The most wonderful time of the year? Sounds good, but the reality is that the holidays bring more strains and struggles than any other time of the year — a series of activities and events that can challenge your mental health.
The key, according to Dr. Frank Ghinassi, senior vice president of the behavioral health and addiction service line at RWJBarnabas Health, is to both be proactive (and thus avoiding tough-stress events) and to know how to recognize the warning signs (in yourself and others).
If you or someone you know is experiencing warning signs of suicide, get help immediately. Call 988 or the NJ Hopeline at 855-654-6735.
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“Fatigue, feelings of loneliness, tension, feeling overwhelmed and increased use of nicotine, alcohol and/or other mood-altering substances are all signs that things are not going well,” Ghinassi said.
“If you are experiencing any of the above symptoms, it could be the prelude to more serious conditions, like anxiety or depression. It is important to seek help from family, friends and professionals.”
Ghinassi, who also serves as the CEO of Rutgers University Behavioral Health Care, said taking preventative measures helps, too.
Here are some actions he recommends in order to make your holidays a bit happier.
- Stay healthy: Make eating well, exercise and a good night’s sleep a priority during this busy season. If you are not feeling well, take the time to recoup.
- Plan your shopping ahead of time: Consider online shopping from the comfort of your home or visit busy stores at off times to avoid major crowds. Sticking to a budget also helps to relieve post-spending anxiety, allowing you to better enjoy the holidays.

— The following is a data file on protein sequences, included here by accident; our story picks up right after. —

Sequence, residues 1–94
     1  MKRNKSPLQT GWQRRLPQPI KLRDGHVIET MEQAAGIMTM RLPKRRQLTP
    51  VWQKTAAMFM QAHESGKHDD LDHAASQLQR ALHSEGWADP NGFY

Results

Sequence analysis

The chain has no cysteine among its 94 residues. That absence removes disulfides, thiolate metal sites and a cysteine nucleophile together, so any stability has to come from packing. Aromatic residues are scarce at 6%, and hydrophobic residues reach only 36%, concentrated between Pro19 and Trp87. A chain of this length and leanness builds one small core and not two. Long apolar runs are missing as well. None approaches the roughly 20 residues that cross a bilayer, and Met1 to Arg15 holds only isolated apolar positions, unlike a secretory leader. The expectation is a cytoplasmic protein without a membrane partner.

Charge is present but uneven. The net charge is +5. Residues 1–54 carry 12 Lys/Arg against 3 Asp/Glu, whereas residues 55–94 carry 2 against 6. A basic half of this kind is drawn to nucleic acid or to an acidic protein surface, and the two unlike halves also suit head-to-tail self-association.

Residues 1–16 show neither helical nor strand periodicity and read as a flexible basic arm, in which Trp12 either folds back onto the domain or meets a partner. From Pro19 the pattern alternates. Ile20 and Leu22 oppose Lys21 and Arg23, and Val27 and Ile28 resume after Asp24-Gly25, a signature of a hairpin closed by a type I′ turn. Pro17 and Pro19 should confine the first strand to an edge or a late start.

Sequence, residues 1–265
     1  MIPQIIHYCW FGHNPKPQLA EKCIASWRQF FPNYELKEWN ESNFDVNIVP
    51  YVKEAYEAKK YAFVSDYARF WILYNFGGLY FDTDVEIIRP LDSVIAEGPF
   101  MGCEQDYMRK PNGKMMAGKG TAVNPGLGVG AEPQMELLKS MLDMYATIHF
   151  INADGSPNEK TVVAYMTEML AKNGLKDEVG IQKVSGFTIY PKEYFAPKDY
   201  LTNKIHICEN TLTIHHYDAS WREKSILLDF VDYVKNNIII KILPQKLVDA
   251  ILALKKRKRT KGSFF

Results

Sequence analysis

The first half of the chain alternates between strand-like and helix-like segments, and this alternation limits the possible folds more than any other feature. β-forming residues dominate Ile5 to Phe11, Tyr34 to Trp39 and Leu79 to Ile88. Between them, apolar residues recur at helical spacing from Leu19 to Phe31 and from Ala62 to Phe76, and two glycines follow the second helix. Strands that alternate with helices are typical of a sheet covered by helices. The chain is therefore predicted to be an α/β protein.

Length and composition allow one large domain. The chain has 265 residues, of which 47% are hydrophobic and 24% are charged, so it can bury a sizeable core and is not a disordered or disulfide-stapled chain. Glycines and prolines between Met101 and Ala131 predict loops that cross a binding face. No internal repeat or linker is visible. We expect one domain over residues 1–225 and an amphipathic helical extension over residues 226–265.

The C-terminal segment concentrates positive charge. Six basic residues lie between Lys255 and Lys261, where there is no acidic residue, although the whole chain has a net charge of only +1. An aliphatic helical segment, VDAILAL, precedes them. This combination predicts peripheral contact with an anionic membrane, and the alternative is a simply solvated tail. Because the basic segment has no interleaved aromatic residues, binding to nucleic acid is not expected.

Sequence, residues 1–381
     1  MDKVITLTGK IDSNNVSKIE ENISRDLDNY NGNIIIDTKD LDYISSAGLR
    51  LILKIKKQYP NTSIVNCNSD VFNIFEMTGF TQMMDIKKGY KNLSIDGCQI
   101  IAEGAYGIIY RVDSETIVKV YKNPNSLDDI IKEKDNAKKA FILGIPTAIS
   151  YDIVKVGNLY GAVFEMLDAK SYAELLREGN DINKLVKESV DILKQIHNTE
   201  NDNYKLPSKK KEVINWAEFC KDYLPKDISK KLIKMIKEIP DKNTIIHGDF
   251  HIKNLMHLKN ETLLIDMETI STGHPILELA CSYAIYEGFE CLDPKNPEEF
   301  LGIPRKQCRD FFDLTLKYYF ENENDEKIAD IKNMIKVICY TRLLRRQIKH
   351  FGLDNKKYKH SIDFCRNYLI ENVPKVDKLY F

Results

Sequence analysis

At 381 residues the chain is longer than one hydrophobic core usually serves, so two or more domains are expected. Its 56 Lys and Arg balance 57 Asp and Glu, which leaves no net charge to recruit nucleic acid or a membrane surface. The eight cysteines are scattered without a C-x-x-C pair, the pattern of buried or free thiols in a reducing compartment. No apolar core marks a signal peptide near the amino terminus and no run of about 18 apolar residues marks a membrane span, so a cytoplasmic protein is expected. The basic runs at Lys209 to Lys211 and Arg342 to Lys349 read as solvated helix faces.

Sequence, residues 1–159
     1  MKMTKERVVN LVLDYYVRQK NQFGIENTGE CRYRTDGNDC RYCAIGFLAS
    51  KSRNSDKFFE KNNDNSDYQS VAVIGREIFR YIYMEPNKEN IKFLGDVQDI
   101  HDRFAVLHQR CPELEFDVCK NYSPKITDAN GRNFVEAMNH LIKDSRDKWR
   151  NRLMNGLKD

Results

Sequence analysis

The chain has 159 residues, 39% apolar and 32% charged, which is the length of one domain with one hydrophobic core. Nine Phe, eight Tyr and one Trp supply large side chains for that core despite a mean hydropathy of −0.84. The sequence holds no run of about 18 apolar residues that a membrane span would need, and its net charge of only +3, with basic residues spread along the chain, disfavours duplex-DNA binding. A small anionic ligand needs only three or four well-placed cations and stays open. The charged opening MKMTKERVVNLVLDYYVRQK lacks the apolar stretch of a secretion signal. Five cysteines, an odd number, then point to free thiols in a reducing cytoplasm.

- Do not overextend yourself: This time of year, it is easy to feel that you are being pulled in a hundred different directions, but you are only one person and there are only 24 hours in a day. Make sure you have enough down time to unwind and process how you are feeling emotionally and physically. Try meditation or yoga to relax after a long day at work or a big day of holiday shopping.
- Reduce COVID-19 anxiety and stress: COVID-19 is still with us, as are other viruses like the flu and RSV. Come up with a COVID-19 testing plan with friends and family before any gatherings or take a test if you are not feeling well to ease your mind as well as the minds of others. Wear a mask in public places and be considerate of others choosing to wear a mask. Stay home if you are sick. It is OK to turn down an invitation if you are worried about spreading or contracting any viruses, especially if you or someone you live with is at high risk.
And, most of all, do the obvious:
- Spend time with people that make you happy: Maintaining contact with supportive friends and family is an important way to create a happy and healthy holiday season.